Gov. Andrew M. Cuomo announced the first round of awards from PowerBridgeNY, a recently created proof-of-concept center established to move clean-energy ideas from the laboratory to become successful businesses in New York State.
"New York is taking a leading role in supporting the development of cleantech products that are environmentally friendly, reduce energy use and increase reliability of the state’s energy systems,” said Governor Cuomo. “When the best and brightest cleantech researchers in New York State have the opportunity to collaborate with smart, experienced experts in the private sector, the result can be a powerful force for economic development resulting in a cleaner, greener, more sustainable state for future generations.”
PowerBridgeNY was created by Columbia University and New York University Polytechnic School of Engineering, leading a consortium of public research institutions throughout the state, and is partially funded by the New York State Energy Research and Development Authority (NYSERDA).
The award winners are working on products with the potential to reduce wastewater treatment costs, increase energy efficiency of solar panels, reduce electricity outages, decrease the cost of fuel cells, absorb carbon dioxide from the environment, and generate clean energy from railroad track vibrations, among others.
PowerBridgeNY’s award winners receive up to $150,000, mentoring and other business support to develop an innovative cleantech product first conceived through research taking place in New York State.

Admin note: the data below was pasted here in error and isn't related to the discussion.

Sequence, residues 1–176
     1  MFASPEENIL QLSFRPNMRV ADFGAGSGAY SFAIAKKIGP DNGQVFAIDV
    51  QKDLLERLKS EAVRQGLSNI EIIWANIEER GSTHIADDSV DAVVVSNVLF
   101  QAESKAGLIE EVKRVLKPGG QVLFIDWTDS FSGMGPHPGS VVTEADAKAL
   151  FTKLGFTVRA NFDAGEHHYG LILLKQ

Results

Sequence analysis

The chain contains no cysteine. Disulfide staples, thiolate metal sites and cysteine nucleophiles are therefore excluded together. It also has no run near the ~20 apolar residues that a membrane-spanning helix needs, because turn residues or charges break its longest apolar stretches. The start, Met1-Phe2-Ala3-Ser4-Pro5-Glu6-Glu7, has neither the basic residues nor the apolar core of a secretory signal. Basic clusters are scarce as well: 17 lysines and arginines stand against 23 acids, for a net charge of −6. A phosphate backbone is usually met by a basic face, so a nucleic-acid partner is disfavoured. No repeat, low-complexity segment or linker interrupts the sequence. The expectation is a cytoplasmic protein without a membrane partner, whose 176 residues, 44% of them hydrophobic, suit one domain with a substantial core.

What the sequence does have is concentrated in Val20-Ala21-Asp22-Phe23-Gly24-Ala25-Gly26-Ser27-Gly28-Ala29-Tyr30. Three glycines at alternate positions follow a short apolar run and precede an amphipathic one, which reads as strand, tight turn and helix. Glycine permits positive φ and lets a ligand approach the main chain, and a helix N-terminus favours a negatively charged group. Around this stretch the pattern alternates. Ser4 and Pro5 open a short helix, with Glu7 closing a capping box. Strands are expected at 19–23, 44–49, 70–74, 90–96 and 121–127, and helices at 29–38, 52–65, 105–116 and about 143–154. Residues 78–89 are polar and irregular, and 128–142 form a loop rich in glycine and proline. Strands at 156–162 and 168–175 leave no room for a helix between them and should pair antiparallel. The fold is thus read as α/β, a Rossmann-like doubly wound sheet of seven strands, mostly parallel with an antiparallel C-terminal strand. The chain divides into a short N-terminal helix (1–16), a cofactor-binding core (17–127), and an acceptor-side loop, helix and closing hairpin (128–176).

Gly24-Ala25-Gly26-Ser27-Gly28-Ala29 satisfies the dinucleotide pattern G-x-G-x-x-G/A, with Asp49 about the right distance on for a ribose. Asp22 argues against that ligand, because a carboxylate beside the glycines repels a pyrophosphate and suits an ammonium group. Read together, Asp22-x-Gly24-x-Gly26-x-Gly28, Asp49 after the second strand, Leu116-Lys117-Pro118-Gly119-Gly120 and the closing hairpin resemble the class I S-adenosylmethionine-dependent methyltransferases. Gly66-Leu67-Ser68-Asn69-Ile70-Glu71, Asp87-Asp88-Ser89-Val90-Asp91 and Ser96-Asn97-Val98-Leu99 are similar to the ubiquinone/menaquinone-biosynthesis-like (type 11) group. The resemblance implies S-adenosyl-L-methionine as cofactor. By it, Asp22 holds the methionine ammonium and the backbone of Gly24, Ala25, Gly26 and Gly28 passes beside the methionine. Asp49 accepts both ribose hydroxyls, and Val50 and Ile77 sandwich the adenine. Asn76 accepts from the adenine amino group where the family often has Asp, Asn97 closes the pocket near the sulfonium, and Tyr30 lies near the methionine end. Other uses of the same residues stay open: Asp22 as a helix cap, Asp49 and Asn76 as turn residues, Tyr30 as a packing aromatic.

The funding —$5 million for each of the three organizations — is for five years, after which the centers are expected to operate on their own. The center in Rochester, called Nexus-NY, is expected to release the names of its first funding award winners.
Businesses were judged on the products' technical potential, the potential appeal to investors and how the scientists could benefit by taking part in this program.
The research teams that won the first round of PowerBridgeNY funding include:
· Early detection of problems in wastewater treatment microbial processes to reduce energy costs
· Turning carbon dioxide waste and electricity into fuels or chemicals to reduce reliance on fossil fuels
· New, low-cost device to measure energy use during energy audits
· Forecasting machine to improve grid reliability and boost efficiency
NYU Polytechnic School of Engineering:
· Reducing electricity outages
· Wireless recharging of electric vehicles
· Building a more efficient power transformer
City University of New York:
· Reducing dust on solar panels to increase energy efficiency
· Improving energy efficiency of HVAC technology
· Longer battery life; faster recharge time for new lithium oxide batteries
· New material to absorb carbon dioxide emissions
Brookhaven National Laboratory
· Reducing cost of fuel cells and electrolyzers
University of Stony Brook
· Generating clean energy from railroad track vibrations